NLP @ Microdot.Net
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What is NLP?

Learning Strategy

Rapport

Communication Styles

Eye Patterns

Submodalities

Persuasive Communication

Hypnotic Language

Precise communication

Anchoring

Strategies

Reframing

Parts Integration

Navigate your future

 

Steps of anchoring

So that you can learn to make good, powerful positive resource anchors which will serve you usefully whenever you need them the process is broken down into four simple steps.

Let's look at each step individually and then walk through them together to see exactly how the anchoring process works.

You can remember the four steps of anchoring easily using a mnemonic device - R.A.C.E. - Recall, Anchor, Change, Evoke.

R - Recall

The first step is to identify a past vivid experience which included the positive resource state that we'd like to have available to us whenever we use the anchor we're going to set. Examples might include a time when you were very happy, a time when you were incredibly relaxed and focussed or a time when you felt like you couldn't lose.

It's important to associate fully into the experience i.e. recall it as vividly as possible and there's a simple script for guiding a person in doing so:-

'As you recall that specific time when you were completely X, and as you go back to that time now, step into your body in that experience, see what you saw at the time, hear the sounds around you and feel the feelings of being right there feeling those feelings of being completely X', where X is the desired powerful, positive resource state.

A - Anchor

Once you've identified the specific past vivid experience containing the desired positive resources and associated fully into that experience the next step is to anchor it with a specific, unique stimulus.

The stimulus for the anchor can be in any of the modalities - Visual, Kinesthetic, Auditory etc. and particularly strong anchors can be set by anchoring in all modalities simultaneously.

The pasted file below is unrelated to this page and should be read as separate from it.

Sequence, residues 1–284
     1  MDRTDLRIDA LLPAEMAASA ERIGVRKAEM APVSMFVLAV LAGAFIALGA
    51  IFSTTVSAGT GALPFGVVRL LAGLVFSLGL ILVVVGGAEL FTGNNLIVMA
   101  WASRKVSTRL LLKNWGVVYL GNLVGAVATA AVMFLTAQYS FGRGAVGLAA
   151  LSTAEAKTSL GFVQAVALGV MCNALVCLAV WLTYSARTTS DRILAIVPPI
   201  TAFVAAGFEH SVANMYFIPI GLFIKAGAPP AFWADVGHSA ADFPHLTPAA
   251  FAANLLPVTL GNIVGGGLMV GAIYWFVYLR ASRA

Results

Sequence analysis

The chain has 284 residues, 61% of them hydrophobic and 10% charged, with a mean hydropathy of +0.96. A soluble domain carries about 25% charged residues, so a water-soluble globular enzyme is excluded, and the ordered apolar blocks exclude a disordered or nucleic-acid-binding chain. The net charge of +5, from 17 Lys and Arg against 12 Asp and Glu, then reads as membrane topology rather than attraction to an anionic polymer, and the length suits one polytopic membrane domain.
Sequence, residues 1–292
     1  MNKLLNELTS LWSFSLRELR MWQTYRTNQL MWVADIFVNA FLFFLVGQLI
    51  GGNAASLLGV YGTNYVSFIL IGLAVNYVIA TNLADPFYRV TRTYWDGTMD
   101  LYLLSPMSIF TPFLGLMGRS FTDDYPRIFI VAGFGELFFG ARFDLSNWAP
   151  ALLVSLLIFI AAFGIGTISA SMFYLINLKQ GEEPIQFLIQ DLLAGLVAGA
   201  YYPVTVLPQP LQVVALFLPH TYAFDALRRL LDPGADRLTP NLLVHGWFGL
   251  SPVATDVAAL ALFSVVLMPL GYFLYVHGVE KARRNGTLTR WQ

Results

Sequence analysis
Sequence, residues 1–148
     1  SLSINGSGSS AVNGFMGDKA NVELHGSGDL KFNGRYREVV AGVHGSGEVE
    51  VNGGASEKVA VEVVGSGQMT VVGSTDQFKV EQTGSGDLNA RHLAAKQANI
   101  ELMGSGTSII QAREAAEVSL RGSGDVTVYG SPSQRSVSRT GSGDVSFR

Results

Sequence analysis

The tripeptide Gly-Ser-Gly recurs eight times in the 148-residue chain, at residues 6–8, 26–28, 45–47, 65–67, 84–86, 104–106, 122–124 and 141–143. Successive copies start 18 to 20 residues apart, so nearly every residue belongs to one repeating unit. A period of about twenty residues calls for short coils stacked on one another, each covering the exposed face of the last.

A simple example of a stimulus which can be used easily for anchoring is to pinch the thumb and ring finger of the hand together, or to hold a fist with the thumb tucked inside.

C - Change

As soon as the anchor is set the next step is to release the anchor and change state. If you're doing anchoring with another person a simple way to get them to break state is to ask them a total non-sequitur such as 'Do you smell popcorn?' or 'Are those your shoes?'.

If you're setting an anchor for yourself you could ask yourself a question like 'When I got out of bed this morning, which foot did I put on the floor first?' or 'What will I have for breakfast tomorrow?'.

It's important, once the anchor is set, to release the anchor and change state so that the link between the stimulus and the resource state is as clean as possible.

E - Evoke

The final step is to test the anchor by evoking it i.e. trigger the chosen unique stimulus (squeeze thumb and finger together or whatever stimulus you've chosen for yourself) and check that your response is to experience the desired resource state.

If it doesn't work first time simply repeat the process - Recall, Anchor, Change, Evoke, until it does work. The more times you repeat the process (known as stacking the anchor) the better the results.

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